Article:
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Hazards of conveyor belt fires.
Perzak-FJ; Litton-CD; Mura-KE; Lazzara-CP
Pittsburgh, PA: U.S. Department of the Interior, Bureau of Mines, RI 9570, 1995 May; :1-33
The report describes a U.S. Bureau of Mines' study on the hazards of large-scale conveyor belt fires as a function of both air velocity and distance from belt surface to gallery roof. The fire hazards considered were smoke obscuration, toxic effects of carbon monoxide (CO), and elevated air temperatures downstream of the fire. All of these hazards scale with the ratio of fire intensity to ventilation airflow. These hazards were all found to be greater at the lower belt-to-roof distance, owing to the greater fire intensities that resulted. The hazards of smoke obscuration and elevated CO levels were greater at lower air velocities. Smoke obscuration was found to be the earliest hazard, reaching critical levels before the stage of belt flame spread. Critical levels of CO and downstream air temperatures were not reached until the later stages of flame spread. Fire growth rates during rapid flame spread were much greater than the fire growth rates measured during the early stages of belt burning. Data were analyzed to determine the early-warning capability of fire sensors. Smoke sensors provided the earliest warning, followed closely by CO sensors. Thermal sensors did not exhibit any early warning capability.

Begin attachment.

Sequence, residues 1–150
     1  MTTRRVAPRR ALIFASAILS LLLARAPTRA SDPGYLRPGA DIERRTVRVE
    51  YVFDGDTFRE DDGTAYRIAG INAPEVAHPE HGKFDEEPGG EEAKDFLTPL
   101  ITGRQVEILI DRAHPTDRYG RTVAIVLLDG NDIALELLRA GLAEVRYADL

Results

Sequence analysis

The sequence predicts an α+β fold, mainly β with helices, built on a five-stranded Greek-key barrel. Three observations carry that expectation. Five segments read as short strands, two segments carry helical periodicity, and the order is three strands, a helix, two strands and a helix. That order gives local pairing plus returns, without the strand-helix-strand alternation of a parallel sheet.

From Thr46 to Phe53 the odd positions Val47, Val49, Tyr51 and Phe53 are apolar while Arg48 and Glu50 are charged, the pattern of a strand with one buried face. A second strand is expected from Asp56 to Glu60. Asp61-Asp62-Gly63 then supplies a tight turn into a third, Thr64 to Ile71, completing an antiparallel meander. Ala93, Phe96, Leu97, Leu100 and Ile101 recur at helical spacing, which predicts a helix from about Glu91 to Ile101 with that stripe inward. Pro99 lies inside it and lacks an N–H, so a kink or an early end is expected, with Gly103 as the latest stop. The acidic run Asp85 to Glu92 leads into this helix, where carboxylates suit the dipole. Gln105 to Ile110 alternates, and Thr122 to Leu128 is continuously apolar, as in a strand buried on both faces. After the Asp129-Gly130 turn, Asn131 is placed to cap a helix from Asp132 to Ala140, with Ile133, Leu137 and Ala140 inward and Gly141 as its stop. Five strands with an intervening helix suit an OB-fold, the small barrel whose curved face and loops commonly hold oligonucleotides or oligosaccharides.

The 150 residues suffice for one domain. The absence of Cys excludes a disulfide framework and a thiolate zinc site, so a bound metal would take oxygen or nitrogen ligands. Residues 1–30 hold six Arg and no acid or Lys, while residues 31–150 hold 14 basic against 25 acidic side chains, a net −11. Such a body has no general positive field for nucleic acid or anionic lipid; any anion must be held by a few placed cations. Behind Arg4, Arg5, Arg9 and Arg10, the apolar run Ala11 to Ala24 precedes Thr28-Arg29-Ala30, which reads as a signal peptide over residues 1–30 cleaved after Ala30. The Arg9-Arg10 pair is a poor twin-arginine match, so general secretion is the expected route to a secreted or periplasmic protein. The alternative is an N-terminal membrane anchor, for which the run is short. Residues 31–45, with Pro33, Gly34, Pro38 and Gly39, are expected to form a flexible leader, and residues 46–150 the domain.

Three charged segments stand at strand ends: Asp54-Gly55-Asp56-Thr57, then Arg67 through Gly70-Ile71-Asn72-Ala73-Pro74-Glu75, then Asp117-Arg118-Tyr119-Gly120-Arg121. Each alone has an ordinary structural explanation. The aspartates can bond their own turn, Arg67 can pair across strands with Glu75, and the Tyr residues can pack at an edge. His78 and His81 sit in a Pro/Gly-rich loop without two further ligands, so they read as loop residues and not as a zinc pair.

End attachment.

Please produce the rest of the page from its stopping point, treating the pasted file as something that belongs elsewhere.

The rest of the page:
Mine-fires; Mining-equipment; Mining-industry; Toxic-gases; Fire-hazards; Fire-safety
Report of Investigations
NTIS Accession No.
Pittsburgh, PA: U.S. Department of the Interior, Bureau of Mines, RI 9570
Page last reviewed: September 2, 2020
Content source: National Institute for Occupational Safety and Health Education and Information Division